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Know Your Rights Under Delaware’s Two-Hour Detention Law


You might think that there are no gray areas when it comes to being arrested for a crime, so it might come as a surprise to learn that the lines are quite blurry. This is especially true under Delaware’s statute on detentions, which is rather unique compared to similar laws in other US states. The law on questioning and detaining suspects restricts officers during an encounter and imposes a time limitation, so violations could be a benefit to your case if you were arrested.

However, it is best to work with a Wilmington criminal defense attorney to take advantage of all options to fight the charges. These cases are complicated because they touch upon your civil rights, but it is possible to obtain a positive result with the right strategy. Here are a few things you should know about how Delaware’s detention law impacts a criminal case.

Summary of Delaware Law on Police Detentions 

The statute empowers officers to stop anyone in a public place if they have a reasonable belief that he or she is engaged in criminal activity. Breaking down the language, there are ## important points to note:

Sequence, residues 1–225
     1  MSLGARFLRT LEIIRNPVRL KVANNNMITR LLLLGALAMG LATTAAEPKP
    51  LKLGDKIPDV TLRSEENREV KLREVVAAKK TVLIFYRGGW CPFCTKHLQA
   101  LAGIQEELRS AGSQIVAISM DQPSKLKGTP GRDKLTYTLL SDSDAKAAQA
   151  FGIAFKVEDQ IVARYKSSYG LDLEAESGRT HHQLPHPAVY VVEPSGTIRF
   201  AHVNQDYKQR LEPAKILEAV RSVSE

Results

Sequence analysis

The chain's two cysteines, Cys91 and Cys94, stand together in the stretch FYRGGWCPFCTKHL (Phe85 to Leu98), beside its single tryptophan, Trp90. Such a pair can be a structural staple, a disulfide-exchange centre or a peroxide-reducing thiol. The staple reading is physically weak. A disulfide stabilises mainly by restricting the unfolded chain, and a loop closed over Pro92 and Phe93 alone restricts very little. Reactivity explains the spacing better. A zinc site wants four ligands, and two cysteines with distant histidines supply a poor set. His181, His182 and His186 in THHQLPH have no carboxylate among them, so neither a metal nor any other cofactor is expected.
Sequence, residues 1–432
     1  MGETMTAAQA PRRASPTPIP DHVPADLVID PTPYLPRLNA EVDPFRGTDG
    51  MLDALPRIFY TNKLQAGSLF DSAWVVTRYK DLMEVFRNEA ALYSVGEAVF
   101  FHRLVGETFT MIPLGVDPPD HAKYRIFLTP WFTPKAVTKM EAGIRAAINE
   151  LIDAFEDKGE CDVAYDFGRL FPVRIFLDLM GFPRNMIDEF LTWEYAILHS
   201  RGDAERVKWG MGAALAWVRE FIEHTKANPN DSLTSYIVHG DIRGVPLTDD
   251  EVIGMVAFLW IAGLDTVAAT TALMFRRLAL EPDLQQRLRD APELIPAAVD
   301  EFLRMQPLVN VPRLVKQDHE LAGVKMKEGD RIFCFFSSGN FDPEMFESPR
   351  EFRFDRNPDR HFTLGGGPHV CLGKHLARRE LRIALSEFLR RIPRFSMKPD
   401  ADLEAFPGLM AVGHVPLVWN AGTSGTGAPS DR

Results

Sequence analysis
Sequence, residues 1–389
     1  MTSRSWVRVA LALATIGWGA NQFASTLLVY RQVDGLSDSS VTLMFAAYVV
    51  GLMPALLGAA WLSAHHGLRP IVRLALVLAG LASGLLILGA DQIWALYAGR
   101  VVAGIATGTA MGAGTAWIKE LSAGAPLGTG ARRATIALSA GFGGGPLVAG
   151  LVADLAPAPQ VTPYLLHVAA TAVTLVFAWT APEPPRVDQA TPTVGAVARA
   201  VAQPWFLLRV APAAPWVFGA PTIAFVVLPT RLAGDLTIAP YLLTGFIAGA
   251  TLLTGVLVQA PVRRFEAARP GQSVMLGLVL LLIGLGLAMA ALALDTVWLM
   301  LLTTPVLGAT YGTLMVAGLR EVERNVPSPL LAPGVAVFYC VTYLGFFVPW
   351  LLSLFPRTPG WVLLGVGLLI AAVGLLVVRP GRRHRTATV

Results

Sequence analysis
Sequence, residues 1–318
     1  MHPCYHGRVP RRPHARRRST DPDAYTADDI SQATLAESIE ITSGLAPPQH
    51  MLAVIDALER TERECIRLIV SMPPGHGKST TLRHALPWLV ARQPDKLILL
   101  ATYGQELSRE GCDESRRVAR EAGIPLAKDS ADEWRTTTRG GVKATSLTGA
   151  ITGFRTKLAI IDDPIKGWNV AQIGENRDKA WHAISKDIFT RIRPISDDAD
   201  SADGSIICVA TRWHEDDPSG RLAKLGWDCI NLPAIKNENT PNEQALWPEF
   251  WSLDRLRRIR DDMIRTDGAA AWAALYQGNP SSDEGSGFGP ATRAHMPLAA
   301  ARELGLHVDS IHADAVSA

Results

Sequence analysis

1. Police must believe that you were committing, did commit, or were about to commit a crime. A hunch alone is not enough.
  2. Officers are allowed to ask your name, address, destination, and actions. If they are not satisfied with the information you provide, they can conduct a further investigation.
  3. The total period of detention cannot exceed two hours, because a person stopped for purposes of this statute is NOT under arrest. When two hours expire, police must release you or charge you with a crime. 

What To Do If You are Detained 

As an initial consideration, you should make sure your own actions comply with the law. You are required to provide identification and other information related to #2 above, so you should cooperate with officers in this respect. However, if the questioning or other aspects of the police investigation exceed the parameters of the statute, you should take the following steps to protect your rights.

  • Do not respond to police questioning or provide information that is not specified by #2. You have the constitutional right to remain silent.
  • The only statement you should make is a request to contact your attorney.
  • When the detention hits the two-hour mark, you should ask to be released. This forces officers to let you go or arrest you, which they may be reluctant to do if they do not have probable cause.

Call Now to Speak to a Skilled Criminal Defense Lawyer in Delaware 

If you were stopped by police and believe the encounter violates Delaware’s detention statute, it is critical to retain solid legal representation as early on in the criminal process as possible. For more information on potential defense strategies, please call Attorney Michael W. Modica at 302.600.1262 or fill out an online contact form. We can set up a consultation to review your situation and discuss next steps.



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